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Initial Development Framework

All the essential components required to implement WhiteBerry now exist. As discussed in Section 4.1, all the technological components (devices, modems, networks) are well established and readily available.

The necessary open protocols are also ready and available: the LEAP protocols are complete and have been published as Internet RFCs, and open support organizations for their continued revision and enhancement are up and running at, and

In addition, an initial framework for the development of WhiteBerry solutions has been established. This framework consists of:

Each component of this development framework is described in the following sections.

Open-Source Software Implementations

Open-source software implementations of the LEAP protocols are available for all major device and Message Center platforms.

Reference Protocol Engines have been implemented in the form of portable code, which has been ported to a wide variety of platforms and end user devices. On the device side, software has been implemented for pagers and cell phones; for palm size devices (Windows CE, Palm PC, Palm OS, EPOC); for Windows 2000, Windows 98/95, and Windows NT; and for Pine (UNIX, Windows, DOS). On the Message Center side, software is available for Windows NT, Solaris, and Linux.

All of this software is being made publicly available through the MailMeAnywhere open-source software distribution center, in the form of free software, subject to the General Public License (GPL) [14]. For complete details visit the MailMeAnywhere website at

The MailMeAnywhere Development Forum

The protocol engines provide the basic message submission and delivery capability for the mobile environment. But this capability must be augmented with a variety of other tools and capabilities in order to bring a complete, well-integrated solution to the end user.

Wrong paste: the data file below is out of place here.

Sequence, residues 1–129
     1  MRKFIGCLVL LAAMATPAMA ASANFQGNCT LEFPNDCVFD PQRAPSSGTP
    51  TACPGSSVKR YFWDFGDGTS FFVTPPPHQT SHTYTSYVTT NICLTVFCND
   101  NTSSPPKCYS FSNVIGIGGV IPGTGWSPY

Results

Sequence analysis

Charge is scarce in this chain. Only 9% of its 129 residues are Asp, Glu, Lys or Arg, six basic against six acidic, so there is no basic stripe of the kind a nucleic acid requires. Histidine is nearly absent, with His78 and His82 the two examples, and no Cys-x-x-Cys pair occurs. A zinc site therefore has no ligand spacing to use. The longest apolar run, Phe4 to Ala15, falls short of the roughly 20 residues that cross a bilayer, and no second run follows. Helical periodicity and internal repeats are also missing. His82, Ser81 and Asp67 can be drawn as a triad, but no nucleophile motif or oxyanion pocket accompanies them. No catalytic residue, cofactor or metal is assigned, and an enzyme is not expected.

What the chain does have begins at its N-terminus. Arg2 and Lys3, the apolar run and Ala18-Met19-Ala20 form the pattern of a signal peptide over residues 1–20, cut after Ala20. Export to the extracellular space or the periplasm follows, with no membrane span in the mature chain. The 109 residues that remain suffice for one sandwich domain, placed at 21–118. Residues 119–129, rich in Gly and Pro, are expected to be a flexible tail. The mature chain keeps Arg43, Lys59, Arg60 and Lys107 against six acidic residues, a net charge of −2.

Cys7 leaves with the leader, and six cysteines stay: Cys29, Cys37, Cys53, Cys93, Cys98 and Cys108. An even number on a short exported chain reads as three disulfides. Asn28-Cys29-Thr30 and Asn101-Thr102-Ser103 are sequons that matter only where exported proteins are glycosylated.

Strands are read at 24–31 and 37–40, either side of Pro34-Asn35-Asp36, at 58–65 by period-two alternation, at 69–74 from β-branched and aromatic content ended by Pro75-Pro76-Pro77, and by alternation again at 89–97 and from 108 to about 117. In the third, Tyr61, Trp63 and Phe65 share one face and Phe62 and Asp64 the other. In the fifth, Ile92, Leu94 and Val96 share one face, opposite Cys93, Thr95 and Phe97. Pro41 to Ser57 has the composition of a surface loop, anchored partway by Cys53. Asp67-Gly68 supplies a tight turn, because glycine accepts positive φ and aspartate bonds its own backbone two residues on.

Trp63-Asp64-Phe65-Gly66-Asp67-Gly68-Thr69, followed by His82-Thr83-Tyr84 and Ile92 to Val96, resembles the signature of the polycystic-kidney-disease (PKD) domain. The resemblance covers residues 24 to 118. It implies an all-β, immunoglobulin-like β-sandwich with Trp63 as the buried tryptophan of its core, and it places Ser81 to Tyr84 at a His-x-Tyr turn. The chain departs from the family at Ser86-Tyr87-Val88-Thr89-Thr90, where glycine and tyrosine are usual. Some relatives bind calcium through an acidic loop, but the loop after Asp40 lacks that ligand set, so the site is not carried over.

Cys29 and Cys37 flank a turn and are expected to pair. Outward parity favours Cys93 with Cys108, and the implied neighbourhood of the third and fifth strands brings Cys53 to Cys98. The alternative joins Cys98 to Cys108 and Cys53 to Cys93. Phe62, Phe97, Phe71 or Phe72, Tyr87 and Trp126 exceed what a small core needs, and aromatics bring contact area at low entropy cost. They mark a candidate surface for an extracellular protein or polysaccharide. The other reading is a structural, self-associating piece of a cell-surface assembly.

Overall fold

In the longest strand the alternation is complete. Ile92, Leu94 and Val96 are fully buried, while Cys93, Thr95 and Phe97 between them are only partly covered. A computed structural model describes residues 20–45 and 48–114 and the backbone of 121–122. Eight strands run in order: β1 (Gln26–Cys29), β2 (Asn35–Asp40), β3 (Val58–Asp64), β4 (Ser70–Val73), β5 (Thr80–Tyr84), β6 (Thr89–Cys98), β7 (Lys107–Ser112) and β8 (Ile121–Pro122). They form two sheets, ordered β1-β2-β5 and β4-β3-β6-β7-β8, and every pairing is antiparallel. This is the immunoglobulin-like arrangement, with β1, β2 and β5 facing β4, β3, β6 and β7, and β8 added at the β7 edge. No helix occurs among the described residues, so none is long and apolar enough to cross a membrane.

Among other things, the user must be provided with flexible tools for selecting which e-mail messages are forwarded to the mobile device, and which can remain in his fixed mailbox for later review. The end user solution must also include facilities to ensure proper synchronization and continuity between the mobile account and the fixed account.

In addition, there is a need to provide Mobile Messaging solutions in a variety of contexts. A mobile user may have a fixed e-mail account in any of various shapes and sizes, such as a corporate account or an ISP-based account, and he may wish to control and administer his mobile capability in various ways, such as via his desktop mail application, or via his corporate or ISP-based mail server.

In order to accomplish this large heterogeneity of Mobile Messaging implementation, the integration and development community requires a variety of tools for accessing and processing the user's fixed mailboxes. In particular, comprehensive and close integration of the LEAP protocol engines will be required with mail routers, mail retrievers, mailbox synchronizers, inbox filters and rule- and directory-based fowarders.

For this purpose, MailMeAnywhere includes an open public forum for the development and distribution of the necessary tools and capabilities. The MailMeAnywhere development forum is a public framework for the collective development and enhancement of LEAP integration tools on a continuous, on-going basis.

This open development model, based on open protocols and open-source software, ensures the availability of a rich and expanding suite of tools and accessories for integration of the WhiteBerry solution in various configurations and across multiple platforms.

This open, heterogeneous development model is in sharp contrast to BlackBerry's narrow focus on Microsoft Outlook and Exchange.